I can hear music

I love the Beach Boys' song, I Can Hear Music. The ardour of young love and the sweet harmony capture all that is beautiful in life. Yes, it's just a teenage love song, but listen to the jangling guitars, insistent beat and plaintive voices. Isn't that what life is all about: wishing and hoping and, if you are lucky, getting what you want?

Popular music perhaps most faithfully articulates our feelings, for it changes with every generation, and no two generations have ever seen eye to eye. I can't stand rap music any more than the rappers have time for the Beach Boys and the Beatles. This evanescence is what makes popular music so appealing, for it mirrors our own lives. We know it's going to fade away, just as we will, but that's why it's all the more dear to us, because we can identify with it.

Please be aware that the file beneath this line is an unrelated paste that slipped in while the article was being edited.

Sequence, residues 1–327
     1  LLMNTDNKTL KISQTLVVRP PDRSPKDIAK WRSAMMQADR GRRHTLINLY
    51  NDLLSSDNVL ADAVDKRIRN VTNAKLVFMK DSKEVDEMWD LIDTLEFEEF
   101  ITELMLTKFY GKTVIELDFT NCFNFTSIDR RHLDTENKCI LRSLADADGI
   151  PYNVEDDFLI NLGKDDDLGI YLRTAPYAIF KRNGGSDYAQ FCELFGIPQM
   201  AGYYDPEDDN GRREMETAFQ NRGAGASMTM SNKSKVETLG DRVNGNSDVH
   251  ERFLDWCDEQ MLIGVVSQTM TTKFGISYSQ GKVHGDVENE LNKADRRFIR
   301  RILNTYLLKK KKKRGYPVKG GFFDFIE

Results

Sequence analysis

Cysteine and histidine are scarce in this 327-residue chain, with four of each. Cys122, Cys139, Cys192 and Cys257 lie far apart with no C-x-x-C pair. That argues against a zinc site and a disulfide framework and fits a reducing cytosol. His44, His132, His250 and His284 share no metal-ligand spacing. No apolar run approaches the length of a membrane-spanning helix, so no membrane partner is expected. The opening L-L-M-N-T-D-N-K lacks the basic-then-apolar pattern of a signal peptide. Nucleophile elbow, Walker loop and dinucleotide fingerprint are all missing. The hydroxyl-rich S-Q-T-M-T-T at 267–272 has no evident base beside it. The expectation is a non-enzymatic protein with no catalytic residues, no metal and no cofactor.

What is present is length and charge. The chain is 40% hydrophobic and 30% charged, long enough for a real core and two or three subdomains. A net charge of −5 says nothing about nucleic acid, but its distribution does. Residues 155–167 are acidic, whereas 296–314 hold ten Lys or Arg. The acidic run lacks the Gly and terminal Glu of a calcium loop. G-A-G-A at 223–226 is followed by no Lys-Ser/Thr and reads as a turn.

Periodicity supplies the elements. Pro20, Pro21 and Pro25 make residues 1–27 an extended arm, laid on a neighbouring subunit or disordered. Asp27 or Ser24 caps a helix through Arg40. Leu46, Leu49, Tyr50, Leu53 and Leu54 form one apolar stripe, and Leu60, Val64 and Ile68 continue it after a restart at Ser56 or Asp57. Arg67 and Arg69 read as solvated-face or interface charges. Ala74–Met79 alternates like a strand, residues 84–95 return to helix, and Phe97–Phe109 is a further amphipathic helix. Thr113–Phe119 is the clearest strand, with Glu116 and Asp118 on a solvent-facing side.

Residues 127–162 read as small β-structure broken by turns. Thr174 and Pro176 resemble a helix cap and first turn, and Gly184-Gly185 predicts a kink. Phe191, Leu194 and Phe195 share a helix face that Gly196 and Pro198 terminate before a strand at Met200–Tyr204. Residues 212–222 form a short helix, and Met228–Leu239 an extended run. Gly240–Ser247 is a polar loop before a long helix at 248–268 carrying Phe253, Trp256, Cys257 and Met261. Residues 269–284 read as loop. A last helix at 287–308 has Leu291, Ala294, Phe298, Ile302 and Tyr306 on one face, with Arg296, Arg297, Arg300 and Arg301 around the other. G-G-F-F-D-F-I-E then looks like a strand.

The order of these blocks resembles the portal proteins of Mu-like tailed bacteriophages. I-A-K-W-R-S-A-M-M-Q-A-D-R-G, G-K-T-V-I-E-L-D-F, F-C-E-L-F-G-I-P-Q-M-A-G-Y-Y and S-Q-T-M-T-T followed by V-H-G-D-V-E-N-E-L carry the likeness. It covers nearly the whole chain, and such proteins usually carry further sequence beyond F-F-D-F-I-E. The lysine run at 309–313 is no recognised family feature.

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Rabbit’s last songs: Love Me Tender

These songs are for John Updike fans. It’s one of the last songs Harry “Rabbit” Angstrom hears on the radio driving from his old home in Brewer, Pennsylvania, to the condo in Florida, where he and Janice have retired — only Janice is not with him, not on this drive almost at the very end of Rabbit at Rest, the fourth Rabbit book, set in the twilight of his life. Elvis Presley sings Love Me Tender.

Updike writes:

“knock him all you want, before he got fat and druggy and spooky in the end he had a real voice, a beautiful voice, not like foghorn Sinatra…”

Well, Sinatra was good — memorably so in Something Stupid and Strangers in the Night — but Elvis was and is the King, right up there with the Beatles and Bob Dylan.